Google's outsized ad growth offsets steep price decline

SAN FRANCISCO Thu Jan 30, 2014 6:06pm EST

A Google logo is seen at the garage where the company was founded on Google's 15th anniversary in Menlo Park, California September 26, 2013. REUTERS/Stephen Lam

A Google logo is seen at the garage where the company was founded on Google's 15th anniversary in Menlo Park, California September 26, 2013.

Credit: Reuters/Stephen Lam

Related Topics

SAN FRANCISCO (Reuters) - Google Inc's quarterly revenue beat Wall Street's target despite an ongoing decline in prices for its online ads and deepening losses at Motorola, the handset-making division to be sold to China's Lenovo.

Shares of Google, which have risen more than 20 percent in the past three months, rose nearly 4 percent to $1,178 in after-hours trading on Thursday.

Google executives said in a conference call on Thursday that the company benefited from strong demand from brand marketers and retailers in the fourth quarter, as well as healthy demand for online ads in international markets.

"In the holiday season one thing has become very clear, the Web has truly become the new holiday store window," Google Chief Business Officer Nikesh Arora said.

Paid clicks on Google's online ads jumped 31 percent during the typically busy holiday quarter, but the average cost per click that marketers paid the company slid 11 percent.

Google's advertising rates, like those of other Internet companies including Yahoo Inc, has been under pressure as more consumers access its online services on mobile devices such as smartphones and tablets, where advertising rates are lower than on PCs.

Motorola, which Google has agreed to sell to China's top PC maker for $2.91 billion, saw operating losses of $384 million in the quarter, more than double the $152 million loss from a year earlier.

The Internet search giant has struggled to turn the unit around in the face of steep competition from Apple Inc, and the sale of the loss-making unit is considered a positive for Google.

Google's consolidated revenue, which includes the money-losing Motorola smartphone business, rose to $16.86 billion from $14.42 billion in the fourth quarter of 2012. Analysts polled by Thomson Reuters I/B/E/S were looking for $16.75 billion.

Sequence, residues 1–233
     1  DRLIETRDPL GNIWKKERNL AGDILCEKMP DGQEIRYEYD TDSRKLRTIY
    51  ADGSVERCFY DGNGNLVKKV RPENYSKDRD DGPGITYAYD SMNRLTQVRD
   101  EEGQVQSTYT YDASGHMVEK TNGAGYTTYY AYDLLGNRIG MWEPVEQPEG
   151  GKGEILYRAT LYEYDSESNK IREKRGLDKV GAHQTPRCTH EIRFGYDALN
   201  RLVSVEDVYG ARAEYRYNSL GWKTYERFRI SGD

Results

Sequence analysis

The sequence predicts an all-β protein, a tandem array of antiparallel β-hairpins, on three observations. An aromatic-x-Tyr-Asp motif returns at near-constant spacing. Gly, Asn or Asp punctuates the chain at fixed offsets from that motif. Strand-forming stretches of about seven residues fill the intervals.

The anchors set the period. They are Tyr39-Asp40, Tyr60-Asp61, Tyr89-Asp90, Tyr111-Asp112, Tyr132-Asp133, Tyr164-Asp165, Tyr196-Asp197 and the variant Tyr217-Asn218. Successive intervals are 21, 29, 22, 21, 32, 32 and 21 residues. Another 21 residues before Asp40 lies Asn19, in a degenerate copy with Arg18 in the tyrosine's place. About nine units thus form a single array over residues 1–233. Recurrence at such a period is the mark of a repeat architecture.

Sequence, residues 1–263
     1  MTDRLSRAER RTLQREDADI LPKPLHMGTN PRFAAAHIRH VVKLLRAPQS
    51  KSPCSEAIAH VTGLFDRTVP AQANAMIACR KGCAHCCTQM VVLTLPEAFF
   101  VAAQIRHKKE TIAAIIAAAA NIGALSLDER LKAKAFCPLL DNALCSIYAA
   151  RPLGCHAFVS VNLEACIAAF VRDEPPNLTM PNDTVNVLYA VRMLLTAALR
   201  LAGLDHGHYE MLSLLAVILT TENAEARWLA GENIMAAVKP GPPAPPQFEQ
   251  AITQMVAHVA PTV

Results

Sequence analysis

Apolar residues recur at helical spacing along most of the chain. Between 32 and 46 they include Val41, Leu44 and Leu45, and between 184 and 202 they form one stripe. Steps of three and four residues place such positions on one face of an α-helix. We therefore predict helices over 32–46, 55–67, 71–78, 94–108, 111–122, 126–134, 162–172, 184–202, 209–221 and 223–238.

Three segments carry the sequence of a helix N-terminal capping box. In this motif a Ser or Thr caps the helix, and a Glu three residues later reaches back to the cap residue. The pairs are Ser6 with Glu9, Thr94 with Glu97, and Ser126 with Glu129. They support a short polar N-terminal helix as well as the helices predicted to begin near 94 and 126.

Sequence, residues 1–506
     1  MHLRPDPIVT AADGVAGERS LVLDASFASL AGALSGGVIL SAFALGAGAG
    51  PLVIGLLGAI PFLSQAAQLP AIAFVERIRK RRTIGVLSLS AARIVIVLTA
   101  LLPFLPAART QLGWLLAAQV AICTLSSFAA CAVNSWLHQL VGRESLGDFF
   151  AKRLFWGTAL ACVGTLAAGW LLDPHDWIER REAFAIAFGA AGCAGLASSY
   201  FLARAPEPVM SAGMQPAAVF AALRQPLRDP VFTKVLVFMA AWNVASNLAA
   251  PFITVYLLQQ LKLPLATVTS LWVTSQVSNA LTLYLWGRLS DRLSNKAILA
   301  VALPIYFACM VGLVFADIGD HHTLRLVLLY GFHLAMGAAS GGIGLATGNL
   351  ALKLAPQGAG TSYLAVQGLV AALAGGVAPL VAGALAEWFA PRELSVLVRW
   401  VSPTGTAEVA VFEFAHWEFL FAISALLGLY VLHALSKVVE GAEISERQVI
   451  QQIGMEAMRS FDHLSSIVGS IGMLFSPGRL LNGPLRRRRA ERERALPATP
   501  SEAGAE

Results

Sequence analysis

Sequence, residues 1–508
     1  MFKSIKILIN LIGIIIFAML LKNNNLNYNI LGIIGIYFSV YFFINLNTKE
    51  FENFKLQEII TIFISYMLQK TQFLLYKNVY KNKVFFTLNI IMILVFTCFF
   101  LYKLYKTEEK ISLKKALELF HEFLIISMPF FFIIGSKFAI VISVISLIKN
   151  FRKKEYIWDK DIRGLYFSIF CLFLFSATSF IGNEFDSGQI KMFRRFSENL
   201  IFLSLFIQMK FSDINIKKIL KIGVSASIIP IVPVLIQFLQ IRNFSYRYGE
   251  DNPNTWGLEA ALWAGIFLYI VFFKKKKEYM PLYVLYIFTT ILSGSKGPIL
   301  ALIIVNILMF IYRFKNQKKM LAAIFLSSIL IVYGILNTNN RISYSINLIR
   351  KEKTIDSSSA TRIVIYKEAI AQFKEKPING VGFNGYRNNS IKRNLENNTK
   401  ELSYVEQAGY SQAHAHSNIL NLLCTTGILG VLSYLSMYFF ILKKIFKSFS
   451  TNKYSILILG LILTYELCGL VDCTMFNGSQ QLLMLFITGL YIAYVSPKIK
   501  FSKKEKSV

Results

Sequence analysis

Revenue in Google's core Internet business totaled $15.7 billion in the last three months of the year, up 22 percent from the $12.91 billion in the year-ago period.

Google's consolidated net income was $3.38 billion, or $9.90 per share, compared to $2.89 billion, or $8.62 per share, in the year-ago period. Excluding certain items, Google said it earned $12.01 per share, below analysts' expectations for about $12.20.

(Reporting by Alexei Oreskovic; Editing by Bernard Orr)

FILED UNDER:
We welcome comments that advance the story through relevant opinion, anecdotes, links and data. If you see a comment that you believe is irrelevant or inappropriate, you can flag it to our editors by using the report abuse links. Views expressed in the comments do not represent those of Reuters. For more information on our comment policy, see http://blogs.reuters.com/fulldisclosure/2010/09/27/toward-a-more-thoughtful-conversation-on-stories/
Comments (2)
rvm3 wrote:
Nice try, Reuters, but Google’s adjusted EPS MISSED estimates.

Jan 30, 2014 4:32pm EST  --  Report as abuse
bertanderson wrote:
As I mentioned before, companies like Google and Facebook have so much cash on hand they themselves can keep the market buoyed for a while regardless of their earnings and revenue. They will run out of money though when the true global problems reach everybody. The top people at Google and Facebook have voiced their opinions on several occasions that they don’t agree with how the government is run or the economic decisions they’ve made. They also don’t want to pay much tax that the gov’t can really use. I agree, what they invented is truly incredible and has changed the world but it is only a social media site and an internet search engine. As the earnings start to slow for the bricks and mortar companies, then we’ll see a real correction in the market and no one will be hanging around to support software companies that have P/E ratios in the nose bleeds.

Jan 30, 2014 7:09pm EST  --  Report as abuse
This discussion is now closed. We welcome comments on our articles for a limited period after their publication.